NSA's Secret Web: General Nakasone Unveils Controversial Data Acquisition Tactics!

  • Gen. Nakasone reveals how NSA buys lots of Americans' internet data without permission for foreign intel and cybersecurity.
  • Netflow data shows internet traffic details, raising privacy worries for mental health and assault survivor sites.
  • Senator Wyden reveals NSA's domestic data collection, worries about agencies getting Americans' data without asking.
  • ODNI urged to make spy agencies follow rules like FTC's for legal data buying and be transparent about data keeping.
The departing chief of the U.S. National Security Agency (NSA), General Paul Nakasone, has unveiled a revelation that raises eyebrows from privacy critics — the NSA is delving into an extensive pool of commercially available web browsing data from Americans, all without the encumbrance of obtaining a warrant. This disclosure, unveiled by Senator Ron Wyden after Nakasone's correspondence, peels back the layers on the NSA's acquisition of a diverse array of information procured from data brokers, serving purposes such as foreign intelligence, cybersecurity, and secret missions.

In Nakasone's letter, he highlighted the NSA's interest in commercially available netflow data, concentrating on the intricacies of wholly domestic internet communications and interactions involving a U.S. Internet Protocol address connecting with its overseas counterpart. Netflow data, a cloak-and-dagger trove of non-content metadata, reveals the nuances of internet traffic flow, unraveling the mysteries of network activities and spotlighting servers that may be harboring the mischief of potential hackers.

Despite the NSA's discretion regarding the specific origins of the purchased internet records, Senator Wyden voiced apprehension over the sensitivity of this internet metadata. He underscored its potential to lay bare private information linked to individuals' online ventures, encompassing visits to websites dedicated to mental health, resources for survivors of sexual assault, or telehealth providers specializing in birth control or abortion medication.

Senator Wyden, entrenched in the Senate Intelligence Committee, unearthed details about the NSA's domestic internet records collection back in March 2021. However, the disclosure couldn't see the light of day until it shed its classified status. The revelation adds a layer of complexity to the ongoing scrutiny of the U.S. intelligence community's penchant for acquiring substantial datasets from private data brokers. While this practice isn't a novel concept, the ODNI's acknowledgment in June 2023 spurred concerns about its ramifications on privacy and civil liberties.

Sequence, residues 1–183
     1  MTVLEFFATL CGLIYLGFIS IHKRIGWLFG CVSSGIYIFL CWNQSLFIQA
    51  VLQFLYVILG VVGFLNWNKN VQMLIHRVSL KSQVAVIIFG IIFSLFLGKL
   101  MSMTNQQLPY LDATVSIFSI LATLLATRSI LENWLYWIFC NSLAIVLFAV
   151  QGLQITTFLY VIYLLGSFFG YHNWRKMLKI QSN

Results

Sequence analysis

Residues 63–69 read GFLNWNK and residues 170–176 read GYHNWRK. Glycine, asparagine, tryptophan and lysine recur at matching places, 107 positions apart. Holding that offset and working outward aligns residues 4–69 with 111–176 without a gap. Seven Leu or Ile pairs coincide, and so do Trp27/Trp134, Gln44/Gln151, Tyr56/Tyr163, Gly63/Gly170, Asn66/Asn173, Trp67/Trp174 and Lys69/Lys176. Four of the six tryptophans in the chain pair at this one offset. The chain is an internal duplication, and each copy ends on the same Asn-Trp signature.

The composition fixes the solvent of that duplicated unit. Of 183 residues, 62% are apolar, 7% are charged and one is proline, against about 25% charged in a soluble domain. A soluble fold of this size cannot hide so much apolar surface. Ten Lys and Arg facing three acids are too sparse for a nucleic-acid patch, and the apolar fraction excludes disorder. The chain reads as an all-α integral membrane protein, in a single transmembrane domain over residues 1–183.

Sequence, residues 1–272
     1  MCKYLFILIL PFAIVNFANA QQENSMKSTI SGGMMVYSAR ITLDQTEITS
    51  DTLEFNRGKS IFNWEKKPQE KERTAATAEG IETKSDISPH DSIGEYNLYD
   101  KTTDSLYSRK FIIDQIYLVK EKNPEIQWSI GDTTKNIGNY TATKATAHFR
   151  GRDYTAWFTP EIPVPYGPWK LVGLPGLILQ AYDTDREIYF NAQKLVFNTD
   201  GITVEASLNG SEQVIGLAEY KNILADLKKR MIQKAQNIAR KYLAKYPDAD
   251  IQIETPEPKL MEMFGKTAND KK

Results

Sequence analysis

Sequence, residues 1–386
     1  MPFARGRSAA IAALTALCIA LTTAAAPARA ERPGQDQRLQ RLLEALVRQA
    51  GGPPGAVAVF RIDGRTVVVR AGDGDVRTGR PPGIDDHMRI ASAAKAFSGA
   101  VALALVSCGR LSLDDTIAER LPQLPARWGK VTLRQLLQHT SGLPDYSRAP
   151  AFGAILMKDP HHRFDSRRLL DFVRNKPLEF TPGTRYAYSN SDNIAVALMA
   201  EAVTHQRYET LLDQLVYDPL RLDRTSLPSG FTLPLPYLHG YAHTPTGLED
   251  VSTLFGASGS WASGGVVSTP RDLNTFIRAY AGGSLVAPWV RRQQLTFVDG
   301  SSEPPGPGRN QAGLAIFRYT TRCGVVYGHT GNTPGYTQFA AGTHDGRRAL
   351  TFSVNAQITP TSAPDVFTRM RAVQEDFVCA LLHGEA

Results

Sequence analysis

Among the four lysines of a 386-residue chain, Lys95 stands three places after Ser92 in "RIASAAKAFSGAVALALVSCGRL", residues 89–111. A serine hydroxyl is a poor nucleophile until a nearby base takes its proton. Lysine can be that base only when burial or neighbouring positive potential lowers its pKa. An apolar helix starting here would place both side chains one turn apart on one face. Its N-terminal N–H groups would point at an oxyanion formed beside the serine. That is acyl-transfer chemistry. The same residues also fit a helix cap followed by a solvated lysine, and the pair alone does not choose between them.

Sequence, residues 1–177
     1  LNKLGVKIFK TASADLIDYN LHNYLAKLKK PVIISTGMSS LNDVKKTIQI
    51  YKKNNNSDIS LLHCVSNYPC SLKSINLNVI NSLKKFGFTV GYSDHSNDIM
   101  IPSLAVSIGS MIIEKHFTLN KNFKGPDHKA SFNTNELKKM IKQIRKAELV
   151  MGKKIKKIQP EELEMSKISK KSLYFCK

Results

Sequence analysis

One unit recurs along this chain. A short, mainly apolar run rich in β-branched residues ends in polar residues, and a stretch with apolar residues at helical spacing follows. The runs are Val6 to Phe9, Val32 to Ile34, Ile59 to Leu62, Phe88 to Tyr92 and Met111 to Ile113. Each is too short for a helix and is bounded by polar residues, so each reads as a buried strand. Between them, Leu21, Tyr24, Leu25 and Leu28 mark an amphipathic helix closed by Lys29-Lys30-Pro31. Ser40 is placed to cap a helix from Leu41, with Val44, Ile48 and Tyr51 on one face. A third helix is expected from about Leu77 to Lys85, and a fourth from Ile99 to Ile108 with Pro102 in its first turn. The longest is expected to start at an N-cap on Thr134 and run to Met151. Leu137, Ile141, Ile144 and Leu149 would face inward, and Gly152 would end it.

The NSA's dependence on commercially sourced data for intelligence-gathering has thrown a legal spotlight on the agency, especially as Congress scrutinizes its surveillance powers. Senator Wyden has seized upon recent actions by the Federal Trade Commission (FTC) against data brokers like X-Mode and InMarket, viewing them as significant legal milestones. These actions spotlight concerns about government agencies procuring Americans' data without explicit consent.

The NSA contends that prevailing U.S. law doesn't tether them to obtaining a court order for commercially available information. They argue that such data is equally accessible to foreign adversaries, private entities, and the U.S. government alike. Senator Wyden advocates for the ODNI to enact a policy aligning with FTC standards for legal data sales. This would compel U.S. spy agencies to purge data that doesn't meet these standards, or if retention is imperative, inform Congress or the public.

While the NSA affirms its collection of commercially available internet netflow data, the ambiguity persists on whether the agency also dips into location databases, a practice observed in other federal government agencies. Nakasone clarified in his letter that the NSA refrains from acquiring and using location data from phones or vehicles known to be within the United States, leaving room for interpretation concerning the acquisition of commercially available data originating from non-U.S. devices. The NSA, when probed, declined to expound on Nakasone's statements.

Note: Content is generated using AI and editing by humans. Photo: DIW - AIGen

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